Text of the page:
Only recently, Norwood has put forth a radical proposal to have the School Board's actions subject to a veto by the mayor and the superintendent appointed by the mayor. Within hours, Norwood's fellow Democrats, Tom Brennan and Jeff Henley, called a press conference to disagree. So did School Board veteran Darryl Porter, another object of the machine's wrath. Only Ms. Elliott dutifully agreed to hand over school powers, a failed idea that has proved ineffective in a few other major other cities.
I have known Wade Norwood throughout his entire public life, yet I have never heard him ask a question or express an opinion about our schools before this campaign season.
James Kraus, Inglewood Drive, Rochester (Kraus, a retired Rochester teacher, is a Democratic committee member supporting Bob Duffy for mayor.)
I recently noticed your "excuse" for not running any coverage of Chris Maj because he lacks the "experience required for the job and it's a dereliction of journalistic duty to pretend otherwise." Who ever asked you to pretend he had experience? He's 26. That's exactly what is so appealing about Chris Maj: he is the only candidate who hasn't spent time in a city government that fosters the wasting of funds on unnecessary projects like a fast ferry and terminal and not on crime and poverty.
Plenty of elected officials around the country are not experienced. Hillary Clinton, Mike Bloomberg, Arnold Schwarzenegger, Jesse "The Body" Ventura, and Jason West, the 26 year old mayor of New Paltz (who is now 28). Please don't blatantly lie to the people of Rochester by sticking to an excuse that has no basis in logic.
Your other claim that there is no space to cover Maj is plain absurd as his info would easily have fit in the space taken up by your ad about how great and thorough your mayoral coverage is. In my opinion, that's dereliction of journalistic duty. Claiming there is no room for Maj when you run four pages of "Stuff Readers Hate" is insulting to your reader base. Has your publication turned into the "Insider?" People read "City" for its content; they read "Insider" for meaningless surveys; that's about all we can expect from the D&C.
Please stop degrading your paper to the level of the D&C, and please stop thinking your readers are going to accept your mediocre attempt at an "excuse."
Matt Metras, Vermont Street, Rochester
From the editor: Once more, for the record: We covered him. Our interview was in our August 3 issue and remains on our website.
BUILD, DON'T TEAR DOWN
The face of downtown Rochester changed in 1960 with the creation of one of America's downtown malls. Seventeen million dollars went into the creation of a landmark that still carries memories for many Rochesterians. This landmark rode the crest of the economic swell of consumer society for nearly 30 years.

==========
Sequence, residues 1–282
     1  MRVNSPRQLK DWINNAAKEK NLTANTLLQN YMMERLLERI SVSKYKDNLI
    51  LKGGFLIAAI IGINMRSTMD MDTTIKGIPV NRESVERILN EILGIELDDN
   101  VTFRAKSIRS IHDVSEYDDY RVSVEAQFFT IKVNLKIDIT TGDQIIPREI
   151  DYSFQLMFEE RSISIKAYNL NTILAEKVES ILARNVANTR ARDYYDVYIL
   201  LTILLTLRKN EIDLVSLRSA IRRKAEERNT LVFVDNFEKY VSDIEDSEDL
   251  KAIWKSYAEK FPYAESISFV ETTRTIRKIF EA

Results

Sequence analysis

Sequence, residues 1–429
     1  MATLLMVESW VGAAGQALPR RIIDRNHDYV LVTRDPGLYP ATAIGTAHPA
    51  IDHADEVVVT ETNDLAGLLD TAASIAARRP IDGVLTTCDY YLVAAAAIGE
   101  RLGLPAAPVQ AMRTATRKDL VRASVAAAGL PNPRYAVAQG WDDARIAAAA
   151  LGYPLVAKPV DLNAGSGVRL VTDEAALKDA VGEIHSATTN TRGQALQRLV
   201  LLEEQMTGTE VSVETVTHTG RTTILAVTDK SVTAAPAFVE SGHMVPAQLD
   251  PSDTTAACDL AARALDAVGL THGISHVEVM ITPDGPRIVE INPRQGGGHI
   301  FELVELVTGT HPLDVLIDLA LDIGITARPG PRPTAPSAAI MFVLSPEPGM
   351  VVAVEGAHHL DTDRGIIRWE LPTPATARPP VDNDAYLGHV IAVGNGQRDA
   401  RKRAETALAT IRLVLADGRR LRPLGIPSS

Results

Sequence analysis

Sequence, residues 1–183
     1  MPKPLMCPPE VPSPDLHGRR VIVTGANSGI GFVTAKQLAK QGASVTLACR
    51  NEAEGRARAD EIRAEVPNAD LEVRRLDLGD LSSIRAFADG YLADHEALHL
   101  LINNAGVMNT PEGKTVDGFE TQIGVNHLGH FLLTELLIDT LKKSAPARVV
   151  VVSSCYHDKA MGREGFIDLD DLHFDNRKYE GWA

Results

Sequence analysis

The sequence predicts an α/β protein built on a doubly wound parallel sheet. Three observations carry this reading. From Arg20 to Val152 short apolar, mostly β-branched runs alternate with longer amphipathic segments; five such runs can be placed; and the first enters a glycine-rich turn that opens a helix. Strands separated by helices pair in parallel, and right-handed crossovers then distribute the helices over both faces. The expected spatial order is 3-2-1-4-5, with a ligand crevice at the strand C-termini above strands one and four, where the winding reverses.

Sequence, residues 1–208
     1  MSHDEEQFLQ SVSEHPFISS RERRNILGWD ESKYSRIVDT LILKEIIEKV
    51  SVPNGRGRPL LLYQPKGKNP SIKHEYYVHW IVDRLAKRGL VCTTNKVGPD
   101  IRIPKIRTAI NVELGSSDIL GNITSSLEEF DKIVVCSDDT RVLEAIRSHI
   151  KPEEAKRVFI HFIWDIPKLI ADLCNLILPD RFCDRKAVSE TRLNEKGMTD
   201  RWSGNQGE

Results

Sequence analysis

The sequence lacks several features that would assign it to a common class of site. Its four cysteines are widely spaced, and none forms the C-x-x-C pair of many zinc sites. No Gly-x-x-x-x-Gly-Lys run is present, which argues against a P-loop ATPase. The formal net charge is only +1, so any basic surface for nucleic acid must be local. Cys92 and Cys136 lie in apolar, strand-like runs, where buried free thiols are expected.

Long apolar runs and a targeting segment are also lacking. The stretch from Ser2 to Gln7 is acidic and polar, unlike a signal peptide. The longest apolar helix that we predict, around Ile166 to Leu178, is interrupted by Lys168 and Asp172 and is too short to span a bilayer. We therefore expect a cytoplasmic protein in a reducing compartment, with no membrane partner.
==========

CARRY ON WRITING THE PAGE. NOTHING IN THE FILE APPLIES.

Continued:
Now we want to destroy it rather than use it again to ride the crest of the mounting swell of the developing service economy. Most recent press cited a $20 million price tag to tear down Midtown Plaza. Renaissance Square could use that money to negotiate its way to reality.
Buildings don't make a city, people do. If we turned Midtown into a cultural center to showcase our pride in local artistic works and invested the destruction money into building up the people who have been creating Rochester's cultural identity, we would get far more bang for the buck. Let's follow the lead of our own visionaries --- the artists of all fields --- and give them the money to renovate Midtown storefronts into theaters, galleries, concert venues, comedy clubs, cabarets, and the like. We will then build up a pride in Rochester, and provide a tourist (and local) attraction that is a compliment to the wineries, vineyards, and Toronto scene.
The "cultural mall" idea put forth a few months ago by a group not-for-profit theaters is still viable. It has been said that Midtown has outlived its usefulness. Perhaps as a shopping mall it has, but for a building with a great location and a history in the community, I don't believe total demolition is the answer. Simpler could work.
If the folks who can find $20 million to tear down the mall invested it in Rochester arts organizations to renovate a piece of the mall, we could see a revitalization similar that nurtured by arts-based projects in New York, Glens Falls, Seattle, and Dayton. If we put our money and trust in the people, they will move Rochester beyond our wildest dreams.
Luane Davis Haggerty, Mayapple Lane, West Henrietta (Haggerty is assistant professor of Creative and Cultural Studies at RIT and artistic director of the New York City-based Interborough Repertory Theater.)
WRITING TO CITY
We welcome and encourage readers' letters for publication. Send them to: firstname.lastname@example.org or The Mail, City Newspaper, 250 North Goodman Street, Rochester 14607.
Our guidelines: We don't publish anonymous letters --- and we ask that you include your street name and city/town/village. We don't publish letters that have been sent to other media --- and we don't publish form letters generated by activist groups. While we don't restrict length, letters of under 350 words have a greater chance of being published. We do edit letters for clarity and brevity. And in general we don't publish letters (or longer "op-ed" pieces) from the same writer more often than about once every two months.
Note: Letters regarding the September 13 primary must be received by 5 p.m. Friday, September 2, in order to be published in our September 7 issue, the last issue before the primary.